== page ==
In more announcements ahead of the upcoming WWDC, Apple has made several repair and fix announcements, including repair programs for the MacBook Pro Butterfly keyboard and one to address the backlight issues in the 13” MacBook Pro laptops dubbed ‘Flexgate’. In addition Apple has released an update to fix issues with the T2 chip in some MacBook Pro computers.
Keyboard Issues With MacBook Pro
This is the ongoing saga of the ‘butterfly’ keyboards Apple has been using in its MacBook models that have had issues with keys either not firing or firing twice, resulting in no letter or double letters typed. Back in July 2018 Apple revised the MacBook keyboards by adding a membrane that was intended to make it quieter but also to prevent dust and debris from getting under the keys and preventing firing. The updates, however didn’t fix all the issues.
Apple has now announced that the 2019 MacBook Pro will feature changes to the butterfly keyboard mechanism that should help prevent the problems that users have experienced in previous MacBook models. As a result, Apple is expanding its Keyboard Service Program to all existing butterfly keyboard models, dating back to 2015, regardless of warranty status.
We have also seen comments that the new models are also included in Apple's Keyboard Service Program, which implies that the latest models don’t have the updated keyboard but some are suggesting that the new models do have the new keyboard design. It looks like we will have to wait for the tear-down videos to come out to be sure.
Flexgate Repair Program
In addition to the Keyboard Service Program, Apple has also announced another MacBook Pro Repair Program to fix the backlight issues on the 13”MacBook Pro model dubbed ‘Flexgate’.
The Apple support article covers the following symptoms:
Display backlight continuously or intermittently shows vertical bright areas along the entire bottom of the screen
Display backlight stops working completely
What this means is that all 2016 13-inch MacBook Pro models are eligible for a free repair from Apple if they exhibit one or both of these symptoms. We understand that also includes both the Touch-Bar-equipped models with four Thunderbolt 3 ports and the non-Touch-Bar-equipped models with two Thunderbolt 3 ports.
If you have a 2016 13-inch MacBook Pro you can go to an Apple Authorised Service Provider, make an appointment at an Apple Retail Store, or contact Apple Support to arrange mail-in service via the Apple Repair Centre.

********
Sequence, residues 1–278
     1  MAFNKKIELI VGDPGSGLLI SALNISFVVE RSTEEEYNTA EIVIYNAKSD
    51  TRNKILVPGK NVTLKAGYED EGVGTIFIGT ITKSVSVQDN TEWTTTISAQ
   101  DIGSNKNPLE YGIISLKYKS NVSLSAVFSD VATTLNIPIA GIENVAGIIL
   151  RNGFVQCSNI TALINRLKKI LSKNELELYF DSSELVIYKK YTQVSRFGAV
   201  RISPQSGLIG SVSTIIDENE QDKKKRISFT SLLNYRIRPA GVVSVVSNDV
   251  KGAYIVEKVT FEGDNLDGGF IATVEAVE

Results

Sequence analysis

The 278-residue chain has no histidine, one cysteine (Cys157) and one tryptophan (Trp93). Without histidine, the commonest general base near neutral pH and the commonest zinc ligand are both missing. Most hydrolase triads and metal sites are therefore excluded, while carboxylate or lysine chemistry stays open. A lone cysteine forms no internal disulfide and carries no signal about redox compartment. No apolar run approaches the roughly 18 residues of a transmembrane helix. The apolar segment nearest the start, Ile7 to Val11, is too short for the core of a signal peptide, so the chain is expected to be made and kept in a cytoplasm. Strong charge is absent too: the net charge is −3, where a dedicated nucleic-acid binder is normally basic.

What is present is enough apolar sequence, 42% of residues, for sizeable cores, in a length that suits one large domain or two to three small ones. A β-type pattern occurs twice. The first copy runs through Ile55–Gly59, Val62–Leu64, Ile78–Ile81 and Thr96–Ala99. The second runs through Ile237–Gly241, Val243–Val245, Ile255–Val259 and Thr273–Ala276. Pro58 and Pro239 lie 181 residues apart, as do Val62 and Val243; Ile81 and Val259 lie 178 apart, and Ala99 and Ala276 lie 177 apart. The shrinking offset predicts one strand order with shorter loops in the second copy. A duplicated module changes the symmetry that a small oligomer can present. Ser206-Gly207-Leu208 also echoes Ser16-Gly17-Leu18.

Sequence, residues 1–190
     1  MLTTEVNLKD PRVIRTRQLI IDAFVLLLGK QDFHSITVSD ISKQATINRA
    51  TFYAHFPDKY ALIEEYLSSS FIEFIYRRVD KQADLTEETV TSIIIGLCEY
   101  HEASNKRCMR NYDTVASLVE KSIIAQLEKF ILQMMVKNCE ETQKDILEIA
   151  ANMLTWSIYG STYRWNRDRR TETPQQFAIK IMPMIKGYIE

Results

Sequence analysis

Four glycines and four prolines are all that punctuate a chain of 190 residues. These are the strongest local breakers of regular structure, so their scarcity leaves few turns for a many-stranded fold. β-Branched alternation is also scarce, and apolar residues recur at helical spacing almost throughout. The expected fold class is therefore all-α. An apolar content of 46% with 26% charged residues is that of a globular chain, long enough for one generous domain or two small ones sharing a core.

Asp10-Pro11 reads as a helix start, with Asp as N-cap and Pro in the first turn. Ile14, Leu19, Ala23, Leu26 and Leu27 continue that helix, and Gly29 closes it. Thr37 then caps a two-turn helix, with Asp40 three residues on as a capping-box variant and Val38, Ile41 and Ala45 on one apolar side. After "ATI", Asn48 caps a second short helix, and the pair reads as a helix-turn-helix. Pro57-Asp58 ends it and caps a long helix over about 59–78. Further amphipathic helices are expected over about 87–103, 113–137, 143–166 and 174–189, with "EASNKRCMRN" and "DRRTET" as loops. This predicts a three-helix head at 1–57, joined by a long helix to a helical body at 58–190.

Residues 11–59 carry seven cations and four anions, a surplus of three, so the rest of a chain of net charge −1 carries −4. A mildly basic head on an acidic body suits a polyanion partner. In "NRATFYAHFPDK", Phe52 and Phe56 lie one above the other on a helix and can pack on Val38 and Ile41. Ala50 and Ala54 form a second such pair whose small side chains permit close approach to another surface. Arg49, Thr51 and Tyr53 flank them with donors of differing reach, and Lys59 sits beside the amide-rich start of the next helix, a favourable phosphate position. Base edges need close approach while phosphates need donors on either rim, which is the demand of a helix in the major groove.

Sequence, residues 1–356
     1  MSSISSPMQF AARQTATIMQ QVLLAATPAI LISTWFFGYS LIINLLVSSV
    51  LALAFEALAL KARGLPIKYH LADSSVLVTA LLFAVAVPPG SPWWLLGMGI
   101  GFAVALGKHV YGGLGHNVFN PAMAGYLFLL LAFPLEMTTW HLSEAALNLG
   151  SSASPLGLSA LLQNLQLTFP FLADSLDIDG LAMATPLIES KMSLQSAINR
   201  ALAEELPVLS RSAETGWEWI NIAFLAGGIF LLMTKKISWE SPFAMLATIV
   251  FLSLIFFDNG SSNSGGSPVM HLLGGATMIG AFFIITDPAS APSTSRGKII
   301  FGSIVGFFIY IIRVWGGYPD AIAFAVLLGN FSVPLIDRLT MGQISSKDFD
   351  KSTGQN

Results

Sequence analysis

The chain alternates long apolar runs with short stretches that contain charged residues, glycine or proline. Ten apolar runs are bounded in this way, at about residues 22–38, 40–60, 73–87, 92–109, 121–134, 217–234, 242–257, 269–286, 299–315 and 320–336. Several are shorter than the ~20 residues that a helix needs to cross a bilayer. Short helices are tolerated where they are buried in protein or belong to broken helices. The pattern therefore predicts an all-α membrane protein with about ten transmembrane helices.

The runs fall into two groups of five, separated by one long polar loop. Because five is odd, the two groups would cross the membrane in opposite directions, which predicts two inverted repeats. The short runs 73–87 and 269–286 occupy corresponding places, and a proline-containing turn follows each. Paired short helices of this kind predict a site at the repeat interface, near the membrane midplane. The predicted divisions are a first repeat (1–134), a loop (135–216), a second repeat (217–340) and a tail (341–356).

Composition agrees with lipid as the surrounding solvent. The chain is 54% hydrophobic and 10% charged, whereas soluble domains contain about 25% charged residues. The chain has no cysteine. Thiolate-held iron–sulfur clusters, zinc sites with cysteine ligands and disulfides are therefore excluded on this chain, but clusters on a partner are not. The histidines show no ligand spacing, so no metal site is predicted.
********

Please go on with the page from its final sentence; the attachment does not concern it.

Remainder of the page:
T2 Chip Supplemental Update To macOS 10.14.5
On its support pages, Apple made a simple announcement saying…
The MacBook Pro Supplemental Update addresses a firmware issue affecting 15-inch MacBook Pro computers with T2 Security Chip, and is recommended for all users.
For detailed information about the security content of this update, please visit: https://support.apple.com/kb/HT201222
There is a direct download button on the announcement page rather than as a standard system update. Information about the actual contents of the update is unavailable at the time of writing.
As you can see Apple is describing this as addressing a "firmware issue" that specifically affects versions of the 15-inch MacBook Pro equipped with the T2 Security Chip. This effectively covers all MacBook Pro models introduced since 2018. This update is not for other Apple computers that also have the T2 chip like the iMac range and remember that the T2 chip is only found in Apple computers that have an SSD. If the computer has a rotational drive then it won’t have the T2 chip.
You will already need to have installed the macOS 10.14.15 update released last week before you try to install this supplemental update. However, at the time of writing, Apple still had not updated the Security Update page to reflect this latest update to fix issues in the T2 security chip.
Because Apple hasn’t given any details on what has been fixed in this supplemental update, and may never do, because it relates to its security system, we don’t know what issues have been fixed but the T2 chip has been blamed for a number of problems since its introduction, including blocking some third-party Mac repairs from being performed, causing errors for some MacBook Pro users when installing macOS Mojave, kernel panics, and very doubtful reports of the T2 chip interfering with some professional audio interfaces.